By Laura Smith-Spark
BBC News Online
Women and ethnic minorities are noticeable by their absence from the ranks of the country's top judges.
Lord Falconer says appointing more women judges is a priority
BBC News Online asked Lady Justice Arden, an appeal court judge, what can be done to increase their presence.
She said inflexible working hours and a lack of openness about appointments were deterring a number of talented lawyers who are women or from ethnic minorities from becoming judges.
And she warned it could take years for diversity in the top levels of the judiciary to increase.
The Lord Chancellor, Lord Falconer, said this week that it was "one of his priorities" to ensure judges in England and Wales reflect the society they serve.
JUDGES - THE FACTS
15.8% of court judges are female
3.4% of court judges are from minority ethnic groups
59% of law graduates are female
Only 7% of High Court judges are female.
In 1998-1999, 20.1% of all appointments to courts were women
By 2002-2003, that figure had risen to 22.4%
In 1998-1999, 3.1% of all appointments to courts were black or Asian
By 2002-2003, that figure had risen to 6.4%
In Canada, a quarter of judges in federal courts are women
At present only 15.4% of court judges are women and just 3.4% come from ethnic minority groups, with the proportions dropping in the higher echelons.
Of 107 High Court judges only nine are female, while just one of the 12 Law Lords - the most senior judges in the UK - is a woman.
"Clearly the numbers of women and ethnic minorities are less than you might expect and less than you would hope for," Lady Justice Arden, 57, said.
She believes setting up an independent judicial appointments commission - a proposal in the Constitutional Reform Bill before the House of Lords - is essential.
"It would be a more transparent process than we have at the moment. That's a very important change and it will enhance the confidence of women and ethnic minorities who want to apply."
The Association of Women Barristers blames the "old boys' network" for problems with the selection of judges.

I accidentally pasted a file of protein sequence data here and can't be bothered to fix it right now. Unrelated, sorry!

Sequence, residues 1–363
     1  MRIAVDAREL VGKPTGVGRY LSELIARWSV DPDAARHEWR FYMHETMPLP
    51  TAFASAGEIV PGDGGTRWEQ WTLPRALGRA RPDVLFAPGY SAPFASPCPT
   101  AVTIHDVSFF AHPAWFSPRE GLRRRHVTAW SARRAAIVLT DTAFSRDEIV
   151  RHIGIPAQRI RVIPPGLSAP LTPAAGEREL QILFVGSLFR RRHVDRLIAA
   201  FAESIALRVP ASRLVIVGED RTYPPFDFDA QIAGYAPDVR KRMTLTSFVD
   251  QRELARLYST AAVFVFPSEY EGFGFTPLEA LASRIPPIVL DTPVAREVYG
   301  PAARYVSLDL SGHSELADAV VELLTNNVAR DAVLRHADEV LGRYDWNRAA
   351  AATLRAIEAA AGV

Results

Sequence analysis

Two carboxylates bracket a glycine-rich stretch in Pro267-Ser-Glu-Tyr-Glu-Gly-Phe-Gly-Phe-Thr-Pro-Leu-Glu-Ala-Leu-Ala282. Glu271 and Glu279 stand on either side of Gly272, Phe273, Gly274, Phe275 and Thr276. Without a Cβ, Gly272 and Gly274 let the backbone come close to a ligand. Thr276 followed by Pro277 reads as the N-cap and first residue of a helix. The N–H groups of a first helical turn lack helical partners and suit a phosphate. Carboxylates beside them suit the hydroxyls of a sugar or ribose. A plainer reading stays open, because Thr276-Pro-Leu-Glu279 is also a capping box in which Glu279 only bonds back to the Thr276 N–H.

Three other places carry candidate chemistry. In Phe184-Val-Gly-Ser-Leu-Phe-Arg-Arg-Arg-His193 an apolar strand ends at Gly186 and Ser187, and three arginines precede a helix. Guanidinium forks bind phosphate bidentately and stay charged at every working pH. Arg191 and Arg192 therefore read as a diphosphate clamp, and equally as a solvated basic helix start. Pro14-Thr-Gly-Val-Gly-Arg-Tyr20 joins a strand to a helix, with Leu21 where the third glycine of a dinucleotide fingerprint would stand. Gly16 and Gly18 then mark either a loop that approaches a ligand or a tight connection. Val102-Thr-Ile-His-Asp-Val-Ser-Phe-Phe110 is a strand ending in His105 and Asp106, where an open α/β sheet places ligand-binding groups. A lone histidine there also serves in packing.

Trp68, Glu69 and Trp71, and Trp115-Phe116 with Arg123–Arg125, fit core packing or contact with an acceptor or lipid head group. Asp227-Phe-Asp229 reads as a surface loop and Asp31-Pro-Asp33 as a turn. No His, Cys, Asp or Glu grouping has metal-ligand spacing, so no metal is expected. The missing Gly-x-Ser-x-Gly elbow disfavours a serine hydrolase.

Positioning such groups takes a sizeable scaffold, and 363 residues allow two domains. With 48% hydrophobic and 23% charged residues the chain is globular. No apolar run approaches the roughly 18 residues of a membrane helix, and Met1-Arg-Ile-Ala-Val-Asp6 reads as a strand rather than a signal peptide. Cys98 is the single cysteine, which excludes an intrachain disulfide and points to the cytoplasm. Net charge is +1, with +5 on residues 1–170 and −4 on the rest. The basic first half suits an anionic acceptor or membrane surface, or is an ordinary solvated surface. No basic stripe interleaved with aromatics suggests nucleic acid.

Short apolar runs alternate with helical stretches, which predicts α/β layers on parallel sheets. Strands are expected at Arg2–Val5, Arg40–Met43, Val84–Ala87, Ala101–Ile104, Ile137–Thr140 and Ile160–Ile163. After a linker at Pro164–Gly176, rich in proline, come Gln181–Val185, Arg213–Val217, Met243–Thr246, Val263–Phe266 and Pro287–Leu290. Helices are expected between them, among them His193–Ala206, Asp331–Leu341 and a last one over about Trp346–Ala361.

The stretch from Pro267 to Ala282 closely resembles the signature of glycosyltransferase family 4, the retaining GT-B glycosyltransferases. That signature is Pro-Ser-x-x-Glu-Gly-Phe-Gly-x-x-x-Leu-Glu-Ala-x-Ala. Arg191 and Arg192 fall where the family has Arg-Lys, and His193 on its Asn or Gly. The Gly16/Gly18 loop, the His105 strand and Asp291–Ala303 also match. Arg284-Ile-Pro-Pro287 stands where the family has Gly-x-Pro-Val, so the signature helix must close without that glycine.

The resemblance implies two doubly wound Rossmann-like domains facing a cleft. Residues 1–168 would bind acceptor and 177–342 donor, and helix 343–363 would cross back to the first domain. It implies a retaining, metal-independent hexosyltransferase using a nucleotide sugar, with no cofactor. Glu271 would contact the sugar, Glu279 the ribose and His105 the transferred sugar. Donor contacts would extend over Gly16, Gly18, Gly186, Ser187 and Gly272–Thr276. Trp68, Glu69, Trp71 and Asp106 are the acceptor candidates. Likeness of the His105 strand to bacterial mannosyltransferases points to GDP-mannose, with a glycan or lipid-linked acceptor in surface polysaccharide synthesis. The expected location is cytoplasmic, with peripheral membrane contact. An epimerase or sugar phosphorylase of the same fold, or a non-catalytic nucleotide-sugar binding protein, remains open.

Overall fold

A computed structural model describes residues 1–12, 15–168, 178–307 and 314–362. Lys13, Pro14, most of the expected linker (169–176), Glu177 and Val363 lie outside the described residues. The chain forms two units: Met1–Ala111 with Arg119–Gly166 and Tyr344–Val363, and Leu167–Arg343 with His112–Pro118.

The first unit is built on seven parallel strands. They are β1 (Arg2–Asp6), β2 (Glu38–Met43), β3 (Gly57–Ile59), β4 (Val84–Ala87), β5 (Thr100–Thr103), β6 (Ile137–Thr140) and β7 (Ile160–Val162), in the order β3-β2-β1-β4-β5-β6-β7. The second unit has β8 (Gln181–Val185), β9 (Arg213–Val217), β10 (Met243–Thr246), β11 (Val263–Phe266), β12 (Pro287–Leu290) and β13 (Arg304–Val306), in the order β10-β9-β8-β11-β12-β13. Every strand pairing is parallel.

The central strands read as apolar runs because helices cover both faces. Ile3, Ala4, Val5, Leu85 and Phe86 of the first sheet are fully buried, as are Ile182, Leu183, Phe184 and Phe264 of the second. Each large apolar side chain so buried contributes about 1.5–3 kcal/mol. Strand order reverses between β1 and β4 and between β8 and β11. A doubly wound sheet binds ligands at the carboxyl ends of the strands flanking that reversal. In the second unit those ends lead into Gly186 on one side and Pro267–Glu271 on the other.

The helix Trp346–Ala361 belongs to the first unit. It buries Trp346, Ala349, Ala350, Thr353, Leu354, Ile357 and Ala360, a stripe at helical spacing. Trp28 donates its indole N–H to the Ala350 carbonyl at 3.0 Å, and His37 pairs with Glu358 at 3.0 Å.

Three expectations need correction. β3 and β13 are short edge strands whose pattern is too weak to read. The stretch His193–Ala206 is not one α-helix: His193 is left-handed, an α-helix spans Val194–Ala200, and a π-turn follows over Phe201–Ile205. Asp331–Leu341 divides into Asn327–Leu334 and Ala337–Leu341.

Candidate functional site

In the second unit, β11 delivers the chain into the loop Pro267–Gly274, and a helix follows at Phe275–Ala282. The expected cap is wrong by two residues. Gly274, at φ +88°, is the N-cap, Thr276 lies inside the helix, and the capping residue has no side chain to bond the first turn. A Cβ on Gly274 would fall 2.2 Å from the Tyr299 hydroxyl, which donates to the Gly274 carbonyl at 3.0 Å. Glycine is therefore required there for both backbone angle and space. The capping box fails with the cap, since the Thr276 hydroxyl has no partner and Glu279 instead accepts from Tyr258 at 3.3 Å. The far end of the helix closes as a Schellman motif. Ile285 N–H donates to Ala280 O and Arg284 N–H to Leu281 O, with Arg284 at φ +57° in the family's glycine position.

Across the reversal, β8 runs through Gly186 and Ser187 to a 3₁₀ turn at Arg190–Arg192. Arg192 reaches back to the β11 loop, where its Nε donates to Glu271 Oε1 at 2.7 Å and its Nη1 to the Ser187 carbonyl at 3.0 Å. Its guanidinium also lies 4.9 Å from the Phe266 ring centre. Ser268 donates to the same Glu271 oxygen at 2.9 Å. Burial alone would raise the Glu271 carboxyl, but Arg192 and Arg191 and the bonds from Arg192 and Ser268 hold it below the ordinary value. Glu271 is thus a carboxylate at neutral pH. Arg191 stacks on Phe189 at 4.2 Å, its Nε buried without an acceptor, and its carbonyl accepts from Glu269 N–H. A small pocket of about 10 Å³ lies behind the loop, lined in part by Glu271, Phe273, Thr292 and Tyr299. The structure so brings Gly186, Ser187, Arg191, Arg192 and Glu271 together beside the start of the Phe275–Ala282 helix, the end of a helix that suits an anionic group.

Too many appointments are made "over a glass of brandy" in gentlemen's clubs, chairwoman Jane Hoyal told BBC News Online.
It was "embarrassing" that the UK lagged so far behind countries like Canada, where a third of senior judges are women, she said.
"It's in the public interest to have a judiciary which reflects society and in which people have confidence."
She warned that the kind of attitudes which saw appointment committees take into account comments like "she's too headmistressy" or "she doesn't dress well enough" needed to change.
The Fawcett Society, a gender equality campaign group, also points the finger at the judicial appointment process.
Director Katherine Rake said: "It has operated very much as an old boys' network for many years, so a lot of the barriers that stand in the way of women stand in the way of ethnic minorities as well.
"We are proposing a system based on merit that really enables women and black and Asian lawyers to come forward and progress.
"It's not about special favours, it's about making sure the system is properly merit-based rather than 'he's quite a nice chap, he belongs to my club, I enjoy having a drink with him'."
Dame Elizabeth Butler-Sloss is the only female head of a division of the High Court
A judge since 1993, Lady Justice Arden does not feel the "old boys' network" hindered her own appointment but agrees that reform is needed.
She quotes Canadian chief justice Beverley McLachlin, who said: "Human beings have a tendency to see merit only in those who exhibit the same qualities that they possess, so psychologists tell us.
"Senior lawyers are no exception, so when they look for merit they tend to look for someone like themselves."
Lady Justice Arden went on: "I don't think this happens all the time but I think this is part of the explanation."
She said one of the chief obstacles for women solicitors was the "enormous pressure" on them to work as many hours as the men, even if they wanted to do some part-time judicial work to gain experience for a more senior appointment.
Herself a mother-of-three, Lady Justice Arden believes the regular working timetable of a judge suits family life better than the gruelling hours expected of barristers or solicitors.
But few women make the step because so many leave the profession to fulfil family commitments before they gain enough experience to apply to be a judge.
"If you are doing two jobs at once [mother or carer, and lawyer] obviously it's probably as much as you can do to keep pace with your practice," she said.
Lady Justice Arden hopes the introduction of part-time working for judges below high court level - starting next April - will turn the tide in women's favour.
The judiciary must reflect society in including all elements, she said, if it is to be viewed as fair.
"If you had a woman judge a case and a man judge a case you would be likely to have the same conclusion on the case.
"But you have to remember that people coming into the court want to have confidence in the Bench - and if they enter a court and see it's just men, they will have less confidence."